Call For Papers

Ninth International Summer School
organised jointly
by the IFIP Working Groups 9.2, 9.5, 9.6/11.7, 11.4, 11.6, Special Interest Group 9.2.2

IFIP Summer School on Privacy and Identity Management for the Future Internet in the Age of Globalisation

Patras University/Greece, 7-12 September 2014
In cooperation with the FP7 EU projects ABC4Trust, A4Cloud, FutureID, PRISMS, AU2EU


Much research in privacy and identity in recent years has focused on the privacy issues associated with new technologies such as social media, cloud computing, big data, ubiquitous and ambient technologies. Due to the fact that many of these technologies operate on a global scale, their use not only touches the countries where they originate (in many cases, the US), but individuals and groups around the globe.

The recent revelations regarding the surveillance practices of the National Security Agency (NSA), USA, and Government Communications Headquarters (GCHQ), UK, (and undoubtedly others that we will hear about since writing this Call for Papers) have put state surveillance firmly back on the table. Here, too, the operations by agencies in one country affect individuals and groups around the globe. Indeed, the NSA is primarily tasked with intercepting and processing the communication of non-US citizens, within the US and abroad.

Privacy and identity management issues have hence become global issues requiring the attention of multiple disciplines, both technical (computer science, cryptography) and non-technical (law, ethics, social sciences, philosophy) and the need to look beyond national borders.

Regulators are trying to readjust the legal frameworks in which the information society operates, both in Europe (think of the data protection reform that should in 2014 culminate in the General Data Protection Regulation), the US (the Federal Trade Commission initiatives with respect to big data, Consumer Privacy Bill of Rights), and elsewhere. Leading Internet engineers have also agreed to upgrade standards to improve Internet privacy and security.

Questions facing the research community include: How can individuals' privacy rights be achieved effectively in a globalising information society in which both states and private enterprises exhibit great data hunger? What technologies, frameworks and tools do we need to gain, regain and maintain informational self-determination and lifelong privacy? Do we have to advance the concepts of privacy and identity management in this evolving world?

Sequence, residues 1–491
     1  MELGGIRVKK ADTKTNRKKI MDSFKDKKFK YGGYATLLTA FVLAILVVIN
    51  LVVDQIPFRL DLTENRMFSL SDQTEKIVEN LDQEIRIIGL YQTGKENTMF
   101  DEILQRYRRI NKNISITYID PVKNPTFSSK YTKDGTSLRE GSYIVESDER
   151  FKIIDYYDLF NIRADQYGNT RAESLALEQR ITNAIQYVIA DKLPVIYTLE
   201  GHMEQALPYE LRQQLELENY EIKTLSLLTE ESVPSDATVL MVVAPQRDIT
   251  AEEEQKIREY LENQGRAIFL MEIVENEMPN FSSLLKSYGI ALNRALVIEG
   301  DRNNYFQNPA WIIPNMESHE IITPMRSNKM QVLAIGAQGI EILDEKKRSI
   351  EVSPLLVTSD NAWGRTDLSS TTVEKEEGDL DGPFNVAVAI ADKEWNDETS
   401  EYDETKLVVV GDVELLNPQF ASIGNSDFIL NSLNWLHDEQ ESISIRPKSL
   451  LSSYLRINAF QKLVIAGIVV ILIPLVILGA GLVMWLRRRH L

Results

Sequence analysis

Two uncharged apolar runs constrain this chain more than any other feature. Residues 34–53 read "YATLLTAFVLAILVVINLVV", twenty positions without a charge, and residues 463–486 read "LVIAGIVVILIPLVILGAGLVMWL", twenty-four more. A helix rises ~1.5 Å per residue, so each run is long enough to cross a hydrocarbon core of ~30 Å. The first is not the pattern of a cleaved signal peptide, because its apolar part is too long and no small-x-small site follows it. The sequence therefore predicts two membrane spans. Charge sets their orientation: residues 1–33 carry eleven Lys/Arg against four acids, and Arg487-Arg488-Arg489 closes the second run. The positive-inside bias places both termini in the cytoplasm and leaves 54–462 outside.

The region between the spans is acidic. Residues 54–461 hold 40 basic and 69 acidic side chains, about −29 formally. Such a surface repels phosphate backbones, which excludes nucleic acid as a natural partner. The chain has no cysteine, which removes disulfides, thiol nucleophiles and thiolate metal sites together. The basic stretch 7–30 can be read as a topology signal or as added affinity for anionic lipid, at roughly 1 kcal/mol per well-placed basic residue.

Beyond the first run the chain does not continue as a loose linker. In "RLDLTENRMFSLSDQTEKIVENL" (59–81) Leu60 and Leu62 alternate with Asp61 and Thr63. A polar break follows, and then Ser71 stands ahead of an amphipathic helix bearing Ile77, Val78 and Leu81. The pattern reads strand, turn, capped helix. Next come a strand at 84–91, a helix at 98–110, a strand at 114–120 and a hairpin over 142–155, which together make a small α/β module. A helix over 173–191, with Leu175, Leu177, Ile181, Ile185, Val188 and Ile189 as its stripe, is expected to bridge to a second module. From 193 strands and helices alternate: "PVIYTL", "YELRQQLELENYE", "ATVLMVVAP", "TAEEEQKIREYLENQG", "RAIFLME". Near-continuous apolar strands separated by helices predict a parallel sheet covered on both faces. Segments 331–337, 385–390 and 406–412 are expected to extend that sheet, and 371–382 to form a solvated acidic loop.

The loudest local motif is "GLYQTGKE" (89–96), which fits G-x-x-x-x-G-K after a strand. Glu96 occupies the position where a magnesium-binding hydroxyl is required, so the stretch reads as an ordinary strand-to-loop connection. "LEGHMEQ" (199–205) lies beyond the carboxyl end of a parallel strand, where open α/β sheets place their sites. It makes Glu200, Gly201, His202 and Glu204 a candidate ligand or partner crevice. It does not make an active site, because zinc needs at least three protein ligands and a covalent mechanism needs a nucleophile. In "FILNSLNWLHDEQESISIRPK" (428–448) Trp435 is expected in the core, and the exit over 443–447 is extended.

These questions and many others will be addressed by the IFIP Summer School 2014 on Privacy and Identity Management for the Future Internet in the Age of Globalisation. The Summer School organisation will be a joint effort of IFIP (International Federation for Information Processing, Working Groups 9.2, 9.5, 9.6/11.7, 11.4, 11.6, Special Interest Group 9.2.2) and several European and national projects. The IFIP Summer School 2014 will bring together junior and senior researchers and practitioners from multiple disciplines to discuss important questions concerning privacy and identity management and related issues in a global environment.

We are especially inviting contributions from students who are at the stage of preparing either a master's or a PhD thesis. The school is interactive in character, and is composed of keynote lectures and workshops with master/PhD student presentations. The principle is to encourage young academic and industry entrants to the privacy and identity management world to share their own ideas, build up a collegial relationship with others, gain experience in making presentations, and potentially publish a paper through the resulting book proceedings. Students that actively participate, in particular those who present a paper, can receive a course certificate which awards 3 ECTS at the PhD level. Students who will not be presenting a paper will receive a course certificate which awards 1.5 ECTS at the PhD level. The certificate can certify the topic of the contributed paper so as to demonstrate its relation (or non-relation) to the student's master's or PhD thesis.

Basic elements of the Summer School

The Summer School takes a holistic approach to society and technology and supports interdisciplinary exchange through keynote lectures, tutorials, workshops, and research paper presentations. In particular, participants' contributions that combine technical, legal, regulatory, socio-economic, social or societal, ethical, anthropological, philosophical, or psychological perspectives are welcome. The interdisciplinary character of the work is fundamental to the school. The research paper presentations and the workshops have a particular focus on involving students, and on encouraging the publication of high-quality, thorough research papers by students/young researchers. To this end, the school has a two-phase review process for submitted papers. In the first phase submitted papers (short versions) are reviewed and selected for presentation at the school. After the school, these papers can be revised (so that they can profit from their discussion at the school) and are then reviewed again for selection into the school's proceedings which will be published by Springer. Of course, submissions by senior researchers and European, national, or regional/community research projects are also very welcome.